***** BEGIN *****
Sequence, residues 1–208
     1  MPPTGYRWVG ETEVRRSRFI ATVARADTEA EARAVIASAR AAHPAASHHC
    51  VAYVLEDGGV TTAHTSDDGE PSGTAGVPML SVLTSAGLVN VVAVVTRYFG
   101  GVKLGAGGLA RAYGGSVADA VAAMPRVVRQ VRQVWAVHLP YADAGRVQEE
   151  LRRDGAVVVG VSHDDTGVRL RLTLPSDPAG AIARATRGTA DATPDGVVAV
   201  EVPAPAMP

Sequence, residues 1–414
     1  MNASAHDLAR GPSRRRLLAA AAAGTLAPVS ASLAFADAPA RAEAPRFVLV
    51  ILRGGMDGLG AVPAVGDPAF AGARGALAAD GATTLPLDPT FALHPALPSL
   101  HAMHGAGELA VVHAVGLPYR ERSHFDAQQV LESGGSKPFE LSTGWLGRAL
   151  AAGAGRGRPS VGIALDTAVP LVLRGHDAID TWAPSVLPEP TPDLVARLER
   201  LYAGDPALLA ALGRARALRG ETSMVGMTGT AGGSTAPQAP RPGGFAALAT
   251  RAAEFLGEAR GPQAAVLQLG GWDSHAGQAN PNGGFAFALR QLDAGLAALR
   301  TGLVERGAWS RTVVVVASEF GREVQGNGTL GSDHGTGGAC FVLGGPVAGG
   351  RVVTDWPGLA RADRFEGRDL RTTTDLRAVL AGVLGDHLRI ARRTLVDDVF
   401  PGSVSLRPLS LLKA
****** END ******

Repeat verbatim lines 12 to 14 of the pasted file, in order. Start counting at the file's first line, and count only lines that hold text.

   201  LYAGDPALLA ALGRARALRG ETSMVGMTGT AGGSTAPQAP RPGGFAALAT
   251  RAAEFLGEAR GPQAAVLQLG GWDSHAGQAN PNGGFAFALR QLDAGLAALR
   301  TGLVERGAWS RTVVVVASEF GREVQGNGTL GSDHGTGGAC FVLGGPVAGG